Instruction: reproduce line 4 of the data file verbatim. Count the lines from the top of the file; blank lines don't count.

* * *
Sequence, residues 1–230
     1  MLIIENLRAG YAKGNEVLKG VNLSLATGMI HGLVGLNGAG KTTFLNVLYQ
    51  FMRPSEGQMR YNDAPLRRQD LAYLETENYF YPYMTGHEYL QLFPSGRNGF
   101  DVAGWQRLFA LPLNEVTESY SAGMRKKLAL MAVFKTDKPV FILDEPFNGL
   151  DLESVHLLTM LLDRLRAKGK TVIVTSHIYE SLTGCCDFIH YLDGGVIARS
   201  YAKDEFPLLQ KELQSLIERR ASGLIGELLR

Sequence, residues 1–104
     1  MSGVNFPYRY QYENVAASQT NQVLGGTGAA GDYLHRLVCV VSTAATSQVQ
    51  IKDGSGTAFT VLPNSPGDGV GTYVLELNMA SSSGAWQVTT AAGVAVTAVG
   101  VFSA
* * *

   101  DVAGWQRLFA LPLNEVTESY SAGMRKKLAL MAVFKTDKPV FILDEPFNGL